BALTIMORE — The former head of Cecil Bank pleaded guilty in US District Court Friday to federal charges of conspiracy to commit bank fraud, receipt of a bribe by a bank official, and false statement in bank records in a scheme that cost the bank $145,000.

Mary Beyer Halsey, 59, faces 30 years in prison for each charge for her role in the straw purchase of a home at 127 Ebenezer Church Road in Rising Sun. She was indicted in February on six charges including bank fraud and false statement to a bank examiner, but pled guilty to three.

Halsey admitted she worked with Daniel Whitehurst, an employee of a real estate development company, to defraud Cecil Bank and another financial institution to purchase the single family home under false pretenses.

Whitehurst, from Bel Air, pleaded guilty in April 2018 to federal mail fraud charges and faces 30 years in prison. While no sentencing date has been set for him, Halsey will learn her fate Nov. 6. In a statement from the court, U.S. District Judge Deborah K Chasanow will consider the sentencing guideline and other statutory factors but added that “actual sentences for federal crimes are typically less than the maximum penalties.”

Over the course of several months Halsey and Whitehurst met and concocted the plan to have Whitehurst purchase the home that had been foreclosed on by Cecil Bank at considerably less than its appraised value of $295,000.

The loss from the house sale was a portion of the $11 million in federal Troubled Asset Relief Program funds lost by Cecil Bank’s failure, according to Christy Goldsmith Romero, special inspector general. TARP was a federal program established to aid homeowners in financial crisis during the housing downturn that began in 2008.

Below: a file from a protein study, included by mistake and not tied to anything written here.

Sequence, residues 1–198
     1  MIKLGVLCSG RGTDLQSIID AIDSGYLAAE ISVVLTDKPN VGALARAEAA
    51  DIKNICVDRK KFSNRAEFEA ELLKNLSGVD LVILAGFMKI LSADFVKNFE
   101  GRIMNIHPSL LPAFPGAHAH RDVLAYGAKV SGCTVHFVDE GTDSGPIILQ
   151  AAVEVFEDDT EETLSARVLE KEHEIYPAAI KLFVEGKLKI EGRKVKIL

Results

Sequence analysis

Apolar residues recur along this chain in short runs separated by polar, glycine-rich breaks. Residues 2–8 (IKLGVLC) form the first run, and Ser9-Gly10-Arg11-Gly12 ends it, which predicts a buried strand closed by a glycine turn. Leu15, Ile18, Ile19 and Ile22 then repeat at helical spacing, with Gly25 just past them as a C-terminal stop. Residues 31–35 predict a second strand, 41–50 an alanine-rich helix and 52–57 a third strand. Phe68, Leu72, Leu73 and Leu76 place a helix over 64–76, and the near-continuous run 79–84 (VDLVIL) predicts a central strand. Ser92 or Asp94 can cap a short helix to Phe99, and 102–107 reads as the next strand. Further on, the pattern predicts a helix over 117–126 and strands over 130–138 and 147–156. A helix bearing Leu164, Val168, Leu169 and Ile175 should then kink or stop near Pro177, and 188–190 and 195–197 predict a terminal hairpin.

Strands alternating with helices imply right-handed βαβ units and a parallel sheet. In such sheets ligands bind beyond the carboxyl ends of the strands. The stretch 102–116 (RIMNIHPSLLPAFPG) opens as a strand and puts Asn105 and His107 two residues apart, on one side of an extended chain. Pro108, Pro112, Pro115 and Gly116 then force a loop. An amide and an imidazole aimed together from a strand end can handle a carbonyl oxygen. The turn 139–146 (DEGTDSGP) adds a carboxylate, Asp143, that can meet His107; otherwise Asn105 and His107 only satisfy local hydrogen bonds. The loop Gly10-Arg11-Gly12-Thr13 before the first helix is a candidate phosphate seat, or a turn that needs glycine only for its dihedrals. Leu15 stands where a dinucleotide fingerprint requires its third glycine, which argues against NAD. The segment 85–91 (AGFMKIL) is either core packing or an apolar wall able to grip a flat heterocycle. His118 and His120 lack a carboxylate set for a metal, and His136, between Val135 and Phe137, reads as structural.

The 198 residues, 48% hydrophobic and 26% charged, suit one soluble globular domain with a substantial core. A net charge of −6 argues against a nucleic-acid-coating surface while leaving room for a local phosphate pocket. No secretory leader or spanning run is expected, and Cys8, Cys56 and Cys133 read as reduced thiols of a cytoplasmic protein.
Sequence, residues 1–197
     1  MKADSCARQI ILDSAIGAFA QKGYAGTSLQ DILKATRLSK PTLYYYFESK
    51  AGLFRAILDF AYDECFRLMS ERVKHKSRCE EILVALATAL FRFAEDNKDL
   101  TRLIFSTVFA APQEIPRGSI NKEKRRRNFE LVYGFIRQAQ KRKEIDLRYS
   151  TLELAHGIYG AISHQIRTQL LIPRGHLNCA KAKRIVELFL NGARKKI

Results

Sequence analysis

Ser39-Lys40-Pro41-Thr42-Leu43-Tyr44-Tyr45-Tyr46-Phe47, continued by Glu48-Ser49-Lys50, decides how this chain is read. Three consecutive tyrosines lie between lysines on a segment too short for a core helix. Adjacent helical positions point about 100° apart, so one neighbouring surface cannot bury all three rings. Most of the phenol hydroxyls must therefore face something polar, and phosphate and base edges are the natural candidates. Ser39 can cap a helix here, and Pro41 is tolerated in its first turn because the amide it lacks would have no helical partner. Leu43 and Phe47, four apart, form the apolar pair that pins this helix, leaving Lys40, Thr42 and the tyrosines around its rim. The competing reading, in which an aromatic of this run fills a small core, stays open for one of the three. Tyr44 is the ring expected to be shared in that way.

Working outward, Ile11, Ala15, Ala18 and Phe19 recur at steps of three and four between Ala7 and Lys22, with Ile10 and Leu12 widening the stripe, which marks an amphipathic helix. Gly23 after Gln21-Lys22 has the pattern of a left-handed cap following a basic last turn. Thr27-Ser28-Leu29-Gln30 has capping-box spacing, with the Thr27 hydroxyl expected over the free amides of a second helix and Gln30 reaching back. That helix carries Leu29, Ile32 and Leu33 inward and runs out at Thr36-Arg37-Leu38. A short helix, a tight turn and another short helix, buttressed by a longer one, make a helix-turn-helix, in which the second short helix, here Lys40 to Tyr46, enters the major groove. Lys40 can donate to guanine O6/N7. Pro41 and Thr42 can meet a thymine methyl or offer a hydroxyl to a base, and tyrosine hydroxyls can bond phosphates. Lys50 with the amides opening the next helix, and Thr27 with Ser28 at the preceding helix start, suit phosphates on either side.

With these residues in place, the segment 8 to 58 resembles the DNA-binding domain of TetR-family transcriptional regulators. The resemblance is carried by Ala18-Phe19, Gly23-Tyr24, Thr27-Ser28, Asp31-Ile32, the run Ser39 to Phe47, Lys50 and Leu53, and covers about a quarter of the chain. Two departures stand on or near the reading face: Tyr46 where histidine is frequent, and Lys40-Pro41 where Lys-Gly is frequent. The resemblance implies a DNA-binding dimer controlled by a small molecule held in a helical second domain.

Cecil Bank, through its parent company, Cecil Bancorp, filed for Chapter 11 bankruptcy in July 2017 in a bid to raise $30 million in stock sales. By October that same year the sale was completed and the bank emerged from bankruptcy.

Court records indicate Halsey and Whitehurst worked together to undercut the value of the home and falsify the appraisal. This included claims made before bank officials that the house had structural issues and other problems that devalued it. This gave Halsey the green light to negotiate a “best price offer” and obtain a home valued at almost $300,000 for half that. From Oct. 31, 2012 to March 29, 2013 Halsey transferred $60,000 to Whitehurst for the house upgrades. Halsey never revealed that she was the purchaser of the Rising Sun home. No one in the bank knew of Halsey and Whitehurst’s actions.

Halsey retired in Nov. 2013, about six months after federal agents began interviewing employees about irregularities at the 61-year-old bank.

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